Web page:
Picture the scene: a beautiful, white sandy beach, covered in glistening, sparkling shells and fringed with palm trees. The waves whisper enchantingly in the distance, and the call of the ocean is the siren song. This beauty is breathtaking in its magnificence, and the sun is sparkling in the cerulean sky…nothing could be more perfect.
Then, one by one, people start to appear, and a crowd gathers on the beach. Their delight is palpable as they soak in the sun, and sway to the pulsing music playing from the gargantuan speakers. The day wears on into night, and the glistening, sparkling sand becomes churned and soiled. The whisper of the waves is drowned out by the pulsing beat of the speakers and the siren song of the ocean is extinguished by the revelry and excitement.
As the dawn draws near and the last of the revelers fade away, the beautiful white beach is littered with debris, paper cups, plastic straws, and discarded wrist bands. The pristine sand is no more, contaminated by a deluge of litter and waste.
A scene like this was often the reality on the beautiful beaches of Barbados, and some other popular Caribbean destinations when, in the pre-COVID era, there were large gatherings for carnival or a concert. However, even without such activity, studies have shown that, per capita, ten of the top thirty global polluters are located in the Caribbean: Antigua & Barbuda, Anguilla, Barbados, Guyana, St. Kitts & Nevis, St. Lucia, Grenada, the Bahamas, Aruba, and Trinidad & Tobago. In fact, according to Forbes, these ten island territories produce more plastic debris than the weight of 20,000 space shuttles.
A World Bank study published in 2019 found that there are as many as 200,000 pieces of plastic per square kilometre in the north eastern Caribbean. This is as a result of the consistently high use of single use plastics and plastic bottles in the Caribbean, and data from the 2019 World Bank publication Marine Pollution in the Caribbean: Not a Minute to Waste indicates that plastic bottles make up 21% of the single use plastic items found during beach and coastal clean-ups. Other items found include plastic bottle caps, straw-stirrers, plastic bags, styrofoam food containers, and plastic lids.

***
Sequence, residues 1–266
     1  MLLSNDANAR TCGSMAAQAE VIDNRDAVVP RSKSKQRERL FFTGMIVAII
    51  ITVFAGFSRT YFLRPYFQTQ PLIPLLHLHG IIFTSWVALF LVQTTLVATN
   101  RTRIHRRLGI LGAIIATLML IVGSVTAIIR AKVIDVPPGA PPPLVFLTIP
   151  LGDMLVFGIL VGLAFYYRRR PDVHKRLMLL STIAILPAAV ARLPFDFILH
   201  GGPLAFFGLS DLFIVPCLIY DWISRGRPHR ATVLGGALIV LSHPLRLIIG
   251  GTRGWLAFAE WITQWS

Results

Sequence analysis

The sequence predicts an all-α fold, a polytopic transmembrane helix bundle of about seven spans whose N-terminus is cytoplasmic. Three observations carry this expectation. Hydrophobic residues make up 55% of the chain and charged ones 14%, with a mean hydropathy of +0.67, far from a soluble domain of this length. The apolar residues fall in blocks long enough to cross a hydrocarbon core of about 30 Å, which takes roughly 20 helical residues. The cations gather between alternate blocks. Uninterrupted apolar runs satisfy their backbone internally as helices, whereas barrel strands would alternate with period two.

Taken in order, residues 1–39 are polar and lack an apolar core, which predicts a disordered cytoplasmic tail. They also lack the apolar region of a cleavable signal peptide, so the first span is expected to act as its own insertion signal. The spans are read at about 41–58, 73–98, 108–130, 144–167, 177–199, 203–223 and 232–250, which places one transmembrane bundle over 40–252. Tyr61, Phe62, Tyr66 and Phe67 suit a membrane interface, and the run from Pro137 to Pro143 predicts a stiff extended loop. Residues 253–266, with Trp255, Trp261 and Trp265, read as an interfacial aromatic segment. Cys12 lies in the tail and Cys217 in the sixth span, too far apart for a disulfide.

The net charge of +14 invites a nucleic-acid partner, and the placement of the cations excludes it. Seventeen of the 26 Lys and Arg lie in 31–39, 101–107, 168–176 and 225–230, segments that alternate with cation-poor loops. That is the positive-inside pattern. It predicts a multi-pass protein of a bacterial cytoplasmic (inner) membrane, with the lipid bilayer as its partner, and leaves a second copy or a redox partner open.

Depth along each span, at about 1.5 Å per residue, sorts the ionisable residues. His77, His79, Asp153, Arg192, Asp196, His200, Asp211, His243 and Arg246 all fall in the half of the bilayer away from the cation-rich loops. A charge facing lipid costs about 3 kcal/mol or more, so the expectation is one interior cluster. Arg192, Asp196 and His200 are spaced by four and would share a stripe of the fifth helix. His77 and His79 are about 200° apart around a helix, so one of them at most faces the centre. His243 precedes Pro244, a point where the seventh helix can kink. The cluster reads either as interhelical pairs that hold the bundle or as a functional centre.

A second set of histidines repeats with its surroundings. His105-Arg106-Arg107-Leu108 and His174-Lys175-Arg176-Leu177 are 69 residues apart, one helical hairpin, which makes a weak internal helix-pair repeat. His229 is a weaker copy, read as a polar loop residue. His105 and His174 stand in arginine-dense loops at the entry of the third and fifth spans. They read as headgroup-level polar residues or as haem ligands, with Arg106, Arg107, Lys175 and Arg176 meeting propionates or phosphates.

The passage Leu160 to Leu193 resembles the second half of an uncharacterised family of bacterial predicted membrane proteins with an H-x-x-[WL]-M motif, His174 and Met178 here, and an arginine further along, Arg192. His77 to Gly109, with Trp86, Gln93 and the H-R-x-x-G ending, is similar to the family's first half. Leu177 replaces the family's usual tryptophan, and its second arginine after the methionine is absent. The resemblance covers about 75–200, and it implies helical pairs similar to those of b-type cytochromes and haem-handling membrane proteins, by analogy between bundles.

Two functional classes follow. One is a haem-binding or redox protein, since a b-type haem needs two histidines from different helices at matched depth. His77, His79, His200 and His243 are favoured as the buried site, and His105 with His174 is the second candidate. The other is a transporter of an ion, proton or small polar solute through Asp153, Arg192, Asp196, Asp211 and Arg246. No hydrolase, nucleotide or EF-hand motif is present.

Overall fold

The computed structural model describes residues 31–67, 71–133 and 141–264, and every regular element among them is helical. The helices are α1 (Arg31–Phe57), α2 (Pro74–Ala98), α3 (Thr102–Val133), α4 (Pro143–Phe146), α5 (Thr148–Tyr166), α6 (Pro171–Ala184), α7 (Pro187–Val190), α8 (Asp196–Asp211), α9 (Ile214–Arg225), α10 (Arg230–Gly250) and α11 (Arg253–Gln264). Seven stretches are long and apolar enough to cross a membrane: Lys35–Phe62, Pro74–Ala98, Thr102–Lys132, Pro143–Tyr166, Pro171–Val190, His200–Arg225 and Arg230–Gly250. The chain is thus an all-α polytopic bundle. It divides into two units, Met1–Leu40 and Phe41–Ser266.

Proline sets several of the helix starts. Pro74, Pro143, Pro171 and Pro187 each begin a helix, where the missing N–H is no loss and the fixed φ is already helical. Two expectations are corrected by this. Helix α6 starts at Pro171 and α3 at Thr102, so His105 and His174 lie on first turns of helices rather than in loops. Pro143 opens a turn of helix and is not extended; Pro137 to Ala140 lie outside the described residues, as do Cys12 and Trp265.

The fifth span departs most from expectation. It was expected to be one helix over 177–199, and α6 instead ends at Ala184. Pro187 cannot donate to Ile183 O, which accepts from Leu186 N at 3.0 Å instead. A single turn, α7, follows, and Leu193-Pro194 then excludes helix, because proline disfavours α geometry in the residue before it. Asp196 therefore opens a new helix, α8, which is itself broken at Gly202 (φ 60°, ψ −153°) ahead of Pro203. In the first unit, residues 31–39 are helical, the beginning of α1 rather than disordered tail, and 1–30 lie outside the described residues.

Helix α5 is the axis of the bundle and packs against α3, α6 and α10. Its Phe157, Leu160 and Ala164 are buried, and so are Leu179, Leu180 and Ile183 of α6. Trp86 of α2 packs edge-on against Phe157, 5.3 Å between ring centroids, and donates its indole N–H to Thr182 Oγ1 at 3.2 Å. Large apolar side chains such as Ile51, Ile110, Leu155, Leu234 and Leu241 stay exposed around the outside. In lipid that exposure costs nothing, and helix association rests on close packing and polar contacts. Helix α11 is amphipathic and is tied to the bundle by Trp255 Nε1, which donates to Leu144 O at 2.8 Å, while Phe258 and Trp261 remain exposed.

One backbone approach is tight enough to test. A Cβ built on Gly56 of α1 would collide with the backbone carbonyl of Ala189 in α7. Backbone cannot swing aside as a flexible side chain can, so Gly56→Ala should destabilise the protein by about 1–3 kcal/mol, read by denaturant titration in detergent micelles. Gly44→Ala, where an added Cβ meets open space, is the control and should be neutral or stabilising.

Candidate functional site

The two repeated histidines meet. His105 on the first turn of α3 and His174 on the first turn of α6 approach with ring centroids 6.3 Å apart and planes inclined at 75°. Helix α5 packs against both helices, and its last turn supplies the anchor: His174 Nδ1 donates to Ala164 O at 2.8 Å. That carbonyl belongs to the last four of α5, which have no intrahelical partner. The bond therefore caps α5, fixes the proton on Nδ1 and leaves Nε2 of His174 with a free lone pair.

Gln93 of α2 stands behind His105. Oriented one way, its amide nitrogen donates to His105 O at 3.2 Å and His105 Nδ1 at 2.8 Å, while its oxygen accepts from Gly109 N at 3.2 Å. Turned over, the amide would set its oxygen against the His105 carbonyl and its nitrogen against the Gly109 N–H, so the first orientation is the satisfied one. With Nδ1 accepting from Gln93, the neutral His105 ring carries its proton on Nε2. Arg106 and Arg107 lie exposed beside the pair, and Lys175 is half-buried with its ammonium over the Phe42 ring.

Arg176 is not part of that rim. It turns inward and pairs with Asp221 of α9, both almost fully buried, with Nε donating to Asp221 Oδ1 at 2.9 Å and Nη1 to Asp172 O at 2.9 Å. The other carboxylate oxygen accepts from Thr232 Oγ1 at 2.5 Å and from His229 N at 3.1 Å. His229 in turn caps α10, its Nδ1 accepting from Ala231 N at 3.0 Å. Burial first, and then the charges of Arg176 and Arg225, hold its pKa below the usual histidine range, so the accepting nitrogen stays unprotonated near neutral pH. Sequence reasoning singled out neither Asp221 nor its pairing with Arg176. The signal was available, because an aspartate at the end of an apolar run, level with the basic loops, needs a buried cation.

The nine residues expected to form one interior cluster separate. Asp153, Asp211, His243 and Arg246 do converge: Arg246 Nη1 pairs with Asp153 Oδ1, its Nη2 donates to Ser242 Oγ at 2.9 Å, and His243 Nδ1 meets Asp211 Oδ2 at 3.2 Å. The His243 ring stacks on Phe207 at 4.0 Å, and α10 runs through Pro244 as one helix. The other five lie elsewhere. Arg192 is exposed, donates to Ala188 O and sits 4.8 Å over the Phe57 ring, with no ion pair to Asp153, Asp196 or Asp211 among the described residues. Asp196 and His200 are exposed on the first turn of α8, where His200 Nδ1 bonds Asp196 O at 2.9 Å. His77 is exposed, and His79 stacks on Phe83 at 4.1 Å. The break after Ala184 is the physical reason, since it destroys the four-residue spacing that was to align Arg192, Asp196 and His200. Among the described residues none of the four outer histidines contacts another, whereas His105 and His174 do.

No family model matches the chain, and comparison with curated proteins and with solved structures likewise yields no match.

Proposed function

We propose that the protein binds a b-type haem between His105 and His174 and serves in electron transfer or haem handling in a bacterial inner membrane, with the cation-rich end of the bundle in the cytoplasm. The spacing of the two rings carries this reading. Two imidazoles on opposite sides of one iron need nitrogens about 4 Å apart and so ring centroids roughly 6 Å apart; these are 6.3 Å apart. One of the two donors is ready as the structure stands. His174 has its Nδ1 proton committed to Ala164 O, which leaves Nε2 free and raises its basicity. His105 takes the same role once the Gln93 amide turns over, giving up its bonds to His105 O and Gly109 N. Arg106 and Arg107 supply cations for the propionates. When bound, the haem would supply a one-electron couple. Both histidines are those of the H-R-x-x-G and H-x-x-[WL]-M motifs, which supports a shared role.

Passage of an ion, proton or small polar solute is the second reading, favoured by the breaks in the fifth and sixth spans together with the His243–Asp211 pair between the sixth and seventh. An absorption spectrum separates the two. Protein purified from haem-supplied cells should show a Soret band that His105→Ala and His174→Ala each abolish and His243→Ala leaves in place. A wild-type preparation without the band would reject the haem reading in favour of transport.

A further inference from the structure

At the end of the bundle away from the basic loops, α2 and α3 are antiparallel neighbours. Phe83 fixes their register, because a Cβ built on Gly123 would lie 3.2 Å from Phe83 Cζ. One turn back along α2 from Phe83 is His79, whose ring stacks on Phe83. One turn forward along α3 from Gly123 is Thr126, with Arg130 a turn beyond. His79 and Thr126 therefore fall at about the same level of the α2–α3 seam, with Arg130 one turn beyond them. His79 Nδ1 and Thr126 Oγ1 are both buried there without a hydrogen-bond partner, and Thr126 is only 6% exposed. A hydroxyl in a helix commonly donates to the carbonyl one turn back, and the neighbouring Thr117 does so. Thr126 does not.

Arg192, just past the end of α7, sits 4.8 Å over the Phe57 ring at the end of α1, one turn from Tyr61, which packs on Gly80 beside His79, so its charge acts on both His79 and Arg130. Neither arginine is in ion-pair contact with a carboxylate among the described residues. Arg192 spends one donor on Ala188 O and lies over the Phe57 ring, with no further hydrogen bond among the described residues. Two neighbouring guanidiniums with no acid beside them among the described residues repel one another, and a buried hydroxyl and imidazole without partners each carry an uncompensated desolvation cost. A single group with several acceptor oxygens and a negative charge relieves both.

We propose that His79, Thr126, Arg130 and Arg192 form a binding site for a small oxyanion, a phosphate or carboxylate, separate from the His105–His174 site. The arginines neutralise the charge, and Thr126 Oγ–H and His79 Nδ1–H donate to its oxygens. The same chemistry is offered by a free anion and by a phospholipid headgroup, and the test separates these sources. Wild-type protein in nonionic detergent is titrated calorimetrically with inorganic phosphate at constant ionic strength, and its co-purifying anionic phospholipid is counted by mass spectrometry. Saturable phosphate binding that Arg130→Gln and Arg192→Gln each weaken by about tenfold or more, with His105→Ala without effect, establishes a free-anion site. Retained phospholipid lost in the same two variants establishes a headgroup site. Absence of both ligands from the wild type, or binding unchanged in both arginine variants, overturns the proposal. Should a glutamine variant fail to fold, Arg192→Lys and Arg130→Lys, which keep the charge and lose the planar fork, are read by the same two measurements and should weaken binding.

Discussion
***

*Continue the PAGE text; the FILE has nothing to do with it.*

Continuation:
The devastating effect of this is that microplastic in the seas now outnumber all the stars in our galaxy. This was revealed by the United Nations Secretary General António Guterres, and if the rate of pollution persists, in less than thirty years there will be more plastic in the ocean than fish. This horrifying reality sends a clear message: there must be a complete rejection of single-use plastic.
There are seven Caribbean territories that appeared to have taken some steps in the right direction, and had pledged to ban single-use plastics as of January 1st, 2020. These are: Trinidad and Tobago, the Bahamas, the Dominican Republic, Barbados, Belize, Grenada, and Jamaica. However, it is vital to bear in mind that some of these measures still need to be fully implemented. Take for example Barbados, where the government began by banning the importation of petroleum-based single use plastics with effect from April 1st , 2019. This was followed by a ban on the distribution, retail and use of single-use plastics, and, in theory, a ban on petroleum based plastic bags came into effect on January 1st, 2020.
While this was indeed a crucial first step, the reality is that, having talked the talk, it is still necessary for the Barbados government to walk the walk. In May of 2020, plastic bag manufacturers were given permission to produce petroleum-based plastic bags for a limited period of time. This was the case because the stakeholders involved raised concerns about the fact that the biodegradable resin used to make biodegradable bags was not available. As at the time of writing this article, petroleum-based bags are still commonly used in the island.
So, what is the way forward? Efforts to raise awareness about the staggering negative effects of single-use plastic must continue, and coordinated action must be taken at all levels: government, the private sector, and individuals in communities. We must continue to build on the momentum created, and invest in the legacy of a healthy blue economy to boost sustainable growth for future generations.